When creating your Grouped Product, you will see that the General tab no longer exists. This is because you are creating a Grouped Product that will have several Simple Products added to it. So in reality, it’s not an actual single product to purchase.
In the above example, when defining it, I referred to the iMac. We create the iMac as a grouped product, then we create Simple Products to be grouped with it, for example, the different iMac models. When we create the Simple Product, under Linked Products we have the choice to add it to a group.
When you create this product, you will be sending your customers to an external site to purchase it. So you will notice that both Inventory and Shipping has been removed. Then, under your General tab, you will find settings for the URL or link to send people to in order to make the purchase.
As defined above, an good example of a variable product are t-shirts because you may have different sizes and colors. And all those variations need to be tied together. This is where you will be using Attributes and Variations.
For example, these t-shirts have three colors. So we have created three attributes and assigned them here.
If we go to variations and tell it to Create variations from all attributes, we can set up all the product data for each variation. If we had also added the attributes of three sizes, then we would have produced even more variations. As you can see from the drop down menu, you have a lot of options.
Now we have settings for each variation. For example, this is the info you will need to add for the green t-shirts.
Beyond the Default Product Types
As I mentioned before, as you add some extension for additional functionality, you will see more options in your Product Data list and settings on the product pages.
For example, I have the Bookings extension that is now added to the menu, and when selected, not only do the General settings change, but I have a tab that now gives me options to set up for Availability, as seen in this screenshot.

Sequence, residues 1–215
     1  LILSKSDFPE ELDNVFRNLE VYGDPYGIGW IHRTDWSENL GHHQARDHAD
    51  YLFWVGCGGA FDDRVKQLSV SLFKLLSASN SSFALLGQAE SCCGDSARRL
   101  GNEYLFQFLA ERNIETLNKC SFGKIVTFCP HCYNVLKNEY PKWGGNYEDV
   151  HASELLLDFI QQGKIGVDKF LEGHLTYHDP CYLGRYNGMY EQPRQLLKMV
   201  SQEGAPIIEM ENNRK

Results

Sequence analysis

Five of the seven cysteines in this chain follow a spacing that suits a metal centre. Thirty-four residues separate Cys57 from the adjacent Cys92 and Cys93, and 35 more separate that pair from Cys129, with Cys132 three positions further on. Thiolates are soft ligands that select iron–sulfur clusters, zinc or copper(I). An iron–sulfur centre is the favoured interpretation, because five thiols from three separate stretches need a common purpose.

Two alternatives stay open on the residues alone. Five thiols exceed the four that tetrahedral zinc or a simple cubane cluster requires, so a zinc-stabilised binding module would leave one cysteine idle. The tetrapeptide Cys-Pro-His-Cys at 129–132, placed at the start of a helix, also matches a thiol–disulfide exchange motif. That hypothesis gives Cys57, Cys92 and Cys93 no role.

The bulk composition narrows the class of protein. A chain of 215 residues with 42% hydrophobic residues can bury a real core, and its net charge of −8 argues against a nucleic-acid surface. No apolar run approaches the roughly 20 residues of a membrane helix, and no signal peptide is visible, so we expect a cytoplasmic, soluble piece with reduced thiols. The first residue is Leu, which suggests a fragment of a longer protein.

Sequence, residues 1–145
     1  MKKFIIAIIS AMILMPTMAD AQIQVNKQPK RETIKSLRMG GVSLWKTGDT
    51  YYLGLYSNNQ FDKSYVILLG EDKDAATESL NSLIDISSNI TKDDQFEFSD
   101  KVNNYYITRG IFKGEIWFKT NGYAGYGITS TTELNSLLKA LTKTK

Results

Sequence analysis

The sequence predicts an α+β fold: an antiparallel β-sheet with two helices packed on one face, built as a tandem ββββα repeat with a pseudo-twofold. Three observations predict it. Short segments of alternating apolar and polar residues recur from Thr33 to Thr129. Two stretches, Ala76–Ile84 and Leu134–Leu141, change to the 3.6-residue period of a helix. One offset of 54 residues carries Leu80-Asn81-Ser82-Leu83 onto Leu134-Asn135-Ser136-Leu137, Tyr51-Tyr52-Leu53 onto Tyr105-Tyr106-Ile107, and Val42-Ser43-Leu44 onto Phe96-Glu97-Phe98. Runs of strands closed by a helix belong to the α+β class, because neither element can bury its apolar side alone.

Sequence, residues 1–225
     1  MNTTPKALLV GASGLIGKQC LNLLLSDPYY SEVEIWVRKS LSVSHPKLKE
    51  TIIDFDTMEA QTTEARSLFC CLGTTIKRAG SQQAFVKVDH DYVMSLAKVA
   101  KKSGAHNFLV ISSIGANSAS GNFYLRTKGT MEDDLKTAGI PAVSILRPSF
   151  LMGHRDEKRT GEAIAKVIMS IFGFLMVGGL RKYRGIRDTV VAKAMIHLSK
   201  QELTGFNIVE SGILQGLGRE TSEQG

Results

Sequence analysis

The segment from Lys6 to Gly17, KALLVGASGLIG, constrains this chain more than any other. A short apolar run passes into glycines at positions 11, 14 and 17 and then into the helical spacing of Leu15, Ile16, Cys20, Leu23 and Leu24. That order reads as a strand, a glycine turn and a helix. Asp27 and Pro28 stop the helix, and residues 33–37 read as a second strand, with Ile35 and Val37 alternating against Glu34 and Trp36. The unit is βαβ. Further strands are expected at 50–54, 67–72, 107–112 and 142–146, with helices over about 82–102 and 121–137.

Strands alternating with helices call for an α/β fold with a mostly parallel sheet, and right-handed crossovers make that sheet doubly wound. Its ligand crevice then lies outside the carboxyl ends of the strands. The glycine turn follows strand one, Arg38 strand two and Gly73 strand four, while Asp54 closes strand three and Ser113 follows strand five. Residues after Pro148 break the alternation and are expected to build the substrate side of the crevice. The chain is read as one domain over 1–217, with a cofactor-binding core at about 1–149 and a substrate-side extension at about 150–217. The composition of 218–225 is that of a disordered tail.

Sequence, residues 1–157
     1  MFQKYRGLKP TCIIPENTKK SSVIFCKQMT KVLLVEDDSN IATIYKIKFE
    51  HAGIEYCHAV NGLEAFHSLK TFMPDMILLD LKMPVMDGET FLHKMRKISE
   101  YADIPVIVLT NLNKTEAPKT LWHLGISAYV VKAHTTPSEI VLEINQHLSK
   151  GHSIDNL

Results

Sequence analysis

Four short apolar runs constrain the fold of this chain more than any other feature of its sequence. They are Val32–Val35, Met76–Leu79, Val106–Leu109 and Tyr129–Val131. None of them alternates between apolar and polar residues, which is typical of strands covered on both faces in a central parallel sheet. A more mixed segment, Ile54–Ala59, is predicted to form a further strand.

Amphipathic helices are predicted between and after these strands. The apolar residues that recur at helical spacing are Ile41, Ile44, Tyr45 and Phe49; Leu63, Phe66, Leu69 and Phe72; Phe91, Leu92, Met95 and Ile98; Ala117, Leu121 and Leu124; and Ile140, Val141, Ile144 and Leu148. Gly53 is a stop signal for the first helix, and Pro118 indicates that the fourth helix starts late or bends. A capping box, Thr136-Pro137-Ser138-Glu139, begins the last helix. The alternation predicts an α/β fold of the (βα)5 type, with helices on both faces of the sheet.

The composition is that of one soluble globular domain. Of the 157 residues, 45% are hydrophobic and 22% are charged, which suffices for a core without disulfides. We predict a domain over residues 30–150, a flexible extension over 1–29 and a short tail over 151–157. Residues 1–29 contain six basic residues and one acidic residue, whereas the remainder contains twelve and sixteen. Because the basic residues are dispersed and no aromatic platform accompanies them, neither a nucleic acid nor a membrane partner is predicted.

WooCommerce Tab Manager
You will also notice a tab called Tabs. This is an extension that comes in very handy if you want to add more tabs to your product page for additional information. As you can see here, we have the option to change the default tab title for Description and Reviews and add custom tabs.
As you can see in this screenshot of my site, I have used this to customize my tab areas on one of my products.
If you would like to learn more about this extension, visit this post.
Another extension you may be interested in is the WooCommerce Product Documents extension that gives customers access to product documentation and help reduce barriers to purchase. Or just give you a slick way to display product information to customers.
Organizing Your Products – Categories, Tags and Attributes
Organizing your products and grouping them is as easy as doing the same with your WordPress posts.
Categories and Tags
Just like WordPress, you can easily assign categories and tags to your products. You are going to find these very useful, as you will be able to control output using widgets, themes and even some extensions.
You can create, edit and delete product categories just like you do with WordPress. You can reorder them by dragging and dropping them and it will reflect on the orders in both widgets and subcategory views on the product pages.
Lastly, you can add a thumbnail image to your categories, along with its display type. Depending on your settings, this image can show up on your category archive page next to the category name.
Like product categories, these are the same as WordPress tags.
Creating an attribute is similar to creating a product category: You are giving your products additional information that helps users to narrow down the results when browsing and searching your catalog.
In the lesson on products, I explained how important these are with variable products. Take the t-shirt example. You might have different sizes, colors or even styles. Attributes lets you easily refine or assist your customers when they are searching your products.
Setting Up Attributes
You must create the attributes before adding your variable product. Go to Products > Attributes. You will get this screen. When you click on #2 to add terms, the next screenshot shows you what that will look like.
Attribute Terms – This is the page noted in step #2 of the previous screenshot.
As you can see, categories and attributes are especially powerful when organizing your products. And they make it easier for customers to browse and search your catalog online.
Up-Sells and Cross-Sells
One of the great features of WooCommerce is your ability to suggest other products to customers as they go through the buying process.
When selling any product, you have the option to add up-sells and cross-sells. Both of these can make it easy for your customer to choose another option in the product line or additional products they may need.